The vanguard of technological change is usually made up of the big spenders: the corporates with deep pockets and business strategies measured in decades.
At the other end of the spectrum are the small businesses and home users, which are seen as cautious customers that prefer tried and tested technologies.
Of course, there are exceptions to most rules, and wireless networking is proving to be one of them.
Alan Wright, head of wireless development at reseller ALLnet, said: "The take-up of wireless networks is the opposite of what we normally expect in IT.
"The early adopters of technology are normally banks and the financial sector, but not so with wireless."
Because of well publicised concerns about security and the sheer pace of technological change, corporates are standing on the sidelines as small businesses and home users, less concerned with long-term planning, rush to take advantage.
Peter Blampied, operations director at vendor US Robotics, said: "For home users and small businesses, wireless is a no-brainer. You don't want to drill holes and lay cabling in your home, do you?"
The price of wireless kit has come down, and the retail channel has spotted and embraced the opportunity. But ironically, it seems that the success of wireless networking in the home and small business market has prevented it from being taken up seriously by large organisations.
Corporates have been able to dismiss it as being an insecure consumer technology rather than a way to extend their business reach.
The way that wireless has been marketed to creative businesses, too, with much airy talk of 'data clouds', has done nothing to reassure mainstream firms that wireless networking is a solid, down-to-earth technology.
But there are signs that business markets are starting to emerge, although here too, not in the way technology is usually adopted. The public sector, especially education and the health service, are at the forefront, alongside retail and distribution.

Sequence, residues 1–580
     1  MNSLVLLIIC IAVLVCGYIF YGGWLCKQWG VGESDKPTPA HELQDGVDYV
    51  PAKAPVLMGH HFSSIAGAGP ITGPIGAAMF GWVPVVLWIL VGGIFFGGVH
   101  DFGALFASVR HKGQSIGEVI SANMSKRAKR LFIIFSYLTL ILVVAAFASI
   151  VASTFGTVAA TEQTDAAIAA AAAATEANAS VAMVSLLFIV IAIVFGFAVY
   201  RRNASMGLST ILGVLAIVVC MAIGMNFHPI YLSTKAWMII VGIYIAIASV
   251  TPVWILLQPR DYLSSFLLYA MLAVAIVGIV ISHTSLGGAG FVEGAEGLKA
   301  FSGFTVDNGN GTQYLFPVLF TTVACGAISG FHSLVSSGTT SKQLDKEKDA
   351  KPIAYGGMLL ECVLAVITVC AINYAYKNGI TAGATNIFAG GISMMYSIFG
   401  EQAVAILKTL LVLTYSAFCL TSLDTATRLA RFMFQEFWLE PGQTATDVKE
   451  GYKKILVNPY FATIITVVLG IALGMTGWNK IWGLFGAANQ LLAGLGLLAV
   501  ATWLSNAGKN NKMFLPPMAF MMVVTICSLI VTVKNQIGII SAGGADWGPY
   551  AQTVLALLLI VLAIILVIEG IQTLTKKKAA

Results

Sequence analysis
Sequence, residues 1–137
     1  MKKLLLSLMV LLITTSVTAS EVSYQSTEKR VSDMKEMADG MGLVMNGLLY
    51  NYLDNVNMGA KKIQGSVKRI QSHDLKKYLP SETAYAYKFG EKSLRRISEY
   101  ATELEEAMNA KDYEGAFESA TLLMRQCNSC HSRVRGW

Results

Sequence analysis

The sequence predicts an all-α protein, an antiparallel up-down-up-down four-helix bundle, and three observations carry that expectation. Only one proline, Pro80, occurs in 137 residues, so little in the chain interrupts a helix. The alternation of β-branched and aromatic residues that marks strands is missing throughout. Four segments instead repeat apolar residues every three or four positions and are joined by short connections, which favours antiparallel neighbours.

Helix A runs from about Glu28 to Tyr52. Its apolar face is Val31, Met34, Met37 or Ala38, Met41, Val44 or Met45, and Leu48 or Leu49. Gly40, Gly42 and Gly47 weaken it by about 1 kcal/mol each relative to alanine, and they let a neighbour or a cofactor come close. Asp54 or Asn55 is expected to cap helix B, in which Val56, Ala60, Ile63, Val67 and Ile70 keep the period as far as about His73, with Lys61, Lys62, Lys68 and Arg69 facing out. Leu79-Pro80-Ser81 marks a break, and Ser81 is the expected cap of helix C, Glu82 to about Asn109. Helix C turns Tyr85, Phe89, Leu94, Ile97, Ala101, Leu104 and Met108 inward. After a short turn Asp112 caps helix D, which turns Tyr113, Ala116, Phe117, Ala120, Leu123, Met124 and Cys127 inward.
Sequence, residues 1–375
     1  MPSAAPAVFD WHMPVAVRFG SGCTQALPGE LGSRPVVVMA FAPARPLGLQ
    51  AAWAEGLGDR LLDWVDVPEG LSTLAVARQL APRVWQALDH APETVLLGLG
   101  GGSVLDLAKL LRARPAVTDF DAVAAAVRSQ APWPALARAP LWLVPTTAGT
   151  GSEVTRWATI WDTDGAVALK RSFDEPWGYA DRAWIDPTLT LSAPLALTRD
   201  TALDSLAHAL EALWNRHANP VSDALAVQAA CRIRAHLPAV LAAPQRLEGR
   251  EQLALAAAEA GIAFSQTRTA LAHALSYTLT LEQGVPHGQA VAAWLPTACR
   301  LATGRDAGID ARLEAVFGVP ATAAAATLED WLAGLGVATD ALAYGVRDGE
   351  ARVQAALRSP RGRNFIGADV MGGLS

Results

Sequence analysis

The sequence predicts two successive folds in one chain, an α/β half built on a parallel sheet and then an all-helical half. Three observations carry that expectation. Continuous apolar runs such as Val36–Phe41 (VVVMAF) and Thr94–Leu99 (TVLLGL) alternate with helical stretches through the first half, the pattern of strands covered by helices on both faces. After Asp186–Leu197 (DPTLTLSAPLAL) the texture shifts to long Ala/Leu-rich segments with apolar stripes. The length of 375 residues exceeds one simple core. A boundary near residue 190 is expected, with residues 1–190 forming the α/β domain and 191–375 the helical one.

"Wireless networks have been embraced by the public sector and retail, because they can see business benefits from day one," explained Wright.
Public sector customers are using wireless technology both as wide area networks linking separate buildings cheaply with point-to-point connections, and to create internal local area networks (Lans), he claimed.
"Schools are using wireless networks to improve PC access in the classroom," said Wright.
Many schools are housed in old buildings, and want to avoid running cabling into classrooms because of health and safety considerations.
As more schools see the benefit of providing wireless to the classroom, allowing more children to share PCs and resources, there will be an increased demand for access points.
Many education resellers have already made this connection and are starting to focus hard on this market.
A similar situation is developing in the health service. As plans to create an electronic patient record system and a drugs prescription programme take shape, it becomes increasingly important for clinicians to be able to access records at the patient's bedside.
"Obviously it is impossible to cable up to the bedside in hospital," said Wright. "So wireless networking will be used."